While gleaning efforts offer a relatively seamless opportunity to provide direct food assistance to students, making available leftover prepared foods can be tricky, in part because of food safety regulations, she adds. Campuses are looking at options that would work at their institutions and sharing their ideas across the network. For instance, Northouse is aware of at least one FRN chapter that hosts a free lunch cafe every Wednesday where leftover food is made available on campus within restricted hours to adhere to safety concerns.
For many students involved in food recovery, the journey also includes opportunities to rethink food availability and food dignity. “We are trying to help move the conversation away from food donation being synonymous with dented cans of salty soup and leftover sheet cake,” says Northouse. “Everyone deserves to have access to fresh greens and veggies and fruits.”
Less Is More
For institutions that want to quantify the impact of their campus food recovery efforts, there are different ways to calculate savings, notes Northouse. You can track pounds of food recovered and donated. You can also track financial savings—what you don’t overproduce in your dining hall as well as what you don’t pay in landfill fees to throw surplus food away.
“Beyond making food recovery the norm and not the exception, another major aim for our network is a stronger focus on prevention,” says Northouse. In fact, many FRN student groups get started by collecting data about food waste in their campus dining halls so that they can work with vendors to bring food production more in line with actual need on a daily basis.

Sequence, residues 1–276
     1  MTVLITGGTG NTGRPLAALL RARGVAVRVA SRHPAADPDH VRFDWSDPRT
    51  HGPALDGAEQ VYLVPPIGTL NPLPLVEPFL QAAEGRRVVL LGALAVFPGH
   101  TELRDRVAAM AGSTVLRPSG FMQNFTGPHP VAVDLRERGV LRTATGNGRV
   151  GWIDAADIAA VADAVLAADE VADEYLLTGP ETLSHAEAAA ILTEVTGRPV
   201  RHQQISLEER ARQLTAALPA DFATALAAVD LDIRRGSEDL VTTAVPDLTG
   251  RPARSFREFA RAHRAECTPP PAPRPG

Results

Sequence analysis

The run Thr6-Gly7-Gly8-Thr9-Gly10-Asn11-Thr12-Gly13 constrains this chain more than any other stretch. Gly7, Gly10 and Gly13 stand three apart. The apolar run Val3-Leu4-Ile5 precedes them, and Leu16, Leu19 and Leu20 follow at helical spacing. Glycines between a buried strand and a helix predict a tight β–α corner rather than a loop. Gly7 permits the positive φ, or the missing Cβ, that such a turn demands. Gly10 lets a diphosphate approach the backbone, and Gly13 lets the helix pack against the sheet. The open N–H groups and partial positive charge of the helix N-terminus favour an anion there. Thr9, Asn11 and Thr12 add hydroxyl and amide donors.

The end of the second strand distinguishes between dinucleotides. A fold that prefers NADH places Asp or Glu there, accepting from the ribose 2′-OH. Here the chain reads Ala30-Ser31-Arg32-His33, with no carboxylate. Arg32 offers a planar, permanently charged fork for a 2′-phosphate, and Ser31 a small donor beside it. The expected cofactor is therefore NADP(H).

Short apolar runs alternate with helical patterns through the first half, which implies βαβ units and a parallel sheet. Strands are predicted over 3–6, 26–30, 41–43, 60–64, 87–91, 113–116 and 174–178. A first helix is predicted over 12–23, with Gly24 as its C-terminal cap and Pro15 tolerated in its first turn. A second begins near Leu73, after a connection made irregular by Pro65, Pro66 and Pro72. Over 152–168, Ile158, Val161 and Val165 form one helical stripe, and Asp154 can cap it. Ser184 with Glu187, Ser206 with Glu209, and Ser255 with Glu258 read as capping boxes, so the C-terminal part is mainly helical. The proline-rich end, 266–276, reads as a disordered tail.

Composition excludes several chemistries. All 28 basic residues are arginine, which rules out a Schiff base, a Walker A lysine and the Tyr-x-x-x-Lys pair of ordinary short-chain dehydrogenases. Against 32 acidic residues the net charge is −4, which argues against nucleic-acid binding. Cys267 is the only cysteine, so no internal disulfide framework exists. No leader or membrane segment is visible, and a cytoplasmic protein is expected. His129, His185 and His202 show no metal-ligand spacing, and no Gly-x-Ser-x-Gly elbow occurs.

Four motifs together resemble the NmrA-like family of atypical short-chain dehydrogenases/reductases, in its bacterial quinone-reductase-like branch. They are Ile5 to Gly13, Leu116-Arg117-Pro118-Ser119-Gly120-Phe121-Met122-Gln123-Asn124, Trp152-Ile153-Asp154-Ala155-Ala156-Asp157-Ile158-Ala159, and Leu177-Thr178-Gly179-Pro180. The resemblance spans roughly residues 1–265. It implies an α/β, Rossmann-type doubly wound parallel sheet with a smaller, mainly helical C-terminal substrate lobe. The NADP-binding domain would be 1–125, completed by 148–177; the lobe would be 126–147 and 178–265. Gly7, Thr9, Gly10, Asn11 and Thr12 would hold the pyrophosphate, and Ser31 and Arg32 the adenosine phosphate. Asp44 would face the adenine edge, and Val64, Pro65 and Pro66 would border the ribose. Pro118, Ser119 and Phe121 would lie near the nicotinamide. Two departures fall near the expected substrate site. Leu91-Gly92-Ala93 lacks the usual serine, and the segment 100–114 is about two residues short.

Northouse is also excited about more efforts taking place in the classroom to curtail waste. She points to culinary schools like Drexel University’s Food Lab partnering with an initiative by the James Beard Foundation to develop food waste-reduction training programs for future chefs at technical schools, community colleges, and four-year institutions. The focus for a back-to-basics approach to food preparation that drives efficiency and creativity to maximize use of ingredients could go a long way to reducing waste in an industry often rife with overproduction, notes Northouse.
For its part, FRN is taking every opportunity to help recover and redirect good food so that it doesn’t go to waste. In spring 2017, the network joined forces with Move for Hunger to collect nonperishable food items left in students’ dorm rooms on move-out day at five college campuses. The one-day effort salvaged more than 5,000 pounds of food, or about 4,000 meals.
The lasting impact of student efforts through FRN is likewise evident in the cumulative positive reviews by partner agencies. According to FRN’s 2017 Annual Report, the average dollar value of FRN donations per agency was $8,664 for the year. These same partner agencies reported saving time (80.9 percent) and money (81.7 percent) by accepting FRN donations, while 91.3 percent said working with FRN provided a meaningful connection to college students.
KARLA HIGNITE, Fort Walton Beach, Fla., is a contributing editor for Business Officer.